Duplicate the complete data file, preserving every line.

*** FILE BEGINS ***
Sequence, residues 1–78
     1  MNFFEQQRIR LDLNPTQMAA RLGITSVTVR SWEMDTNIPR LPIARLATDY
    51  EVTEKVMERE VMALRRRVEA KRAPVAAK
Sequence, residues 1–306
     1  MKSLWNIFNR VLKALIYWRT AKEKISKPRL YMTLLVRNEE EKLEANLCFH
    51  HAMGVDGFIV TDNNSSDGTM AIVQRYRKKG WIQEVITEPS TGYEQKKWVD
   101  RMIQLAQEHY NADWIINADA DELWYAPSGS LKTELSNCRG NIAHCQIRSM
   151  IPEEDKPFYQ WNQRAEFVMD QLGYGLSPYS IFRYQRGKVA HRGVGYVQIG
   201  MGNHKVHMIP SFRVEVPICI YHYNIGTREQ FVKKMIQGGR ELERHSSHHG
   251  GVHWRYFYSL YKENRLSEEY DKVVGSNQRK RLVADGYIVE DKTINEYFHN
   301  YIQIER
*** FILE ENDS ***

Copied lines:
Sequence, residues 1–78
     1  MNFFEQQRIR LDLNPTQMAA RLGITSVTVR SWEMDTNIPR LPIARLATDY
    51  EVTEKVMERE VMALRRRVEA KRAPVAAK
Sequence, residues 1–306
     1  MKSLWNIFNR VLKALIYWRT AKEKISKPRL YMTLLVRNEE EKLEANLCFH
    51  HAMGVDGFIV TDNNSSDGTM AIVQRYRKKG WIQEVITEPS TGYEQKKWVD
   101  RMIQLAQEHY NADWIINADA DELWYAPSGS LKTELSNCRG NIAHCQIRSM
   151  IPEEDKPFYQ WNQRAEFVMD QLGYGLSPYS IFRYQRGKVA HRGVGYVQIG
   201  MGNHKVHMIP SFRVEVPICI YHYNIGTREQ FVKKMIQGGR ELERHSSHHG
   251  GVHWRYFYSL YKENRLSEEY DKVVGSNQRK RLVADGYIVE DKTINEYFHN
   301  YIQIER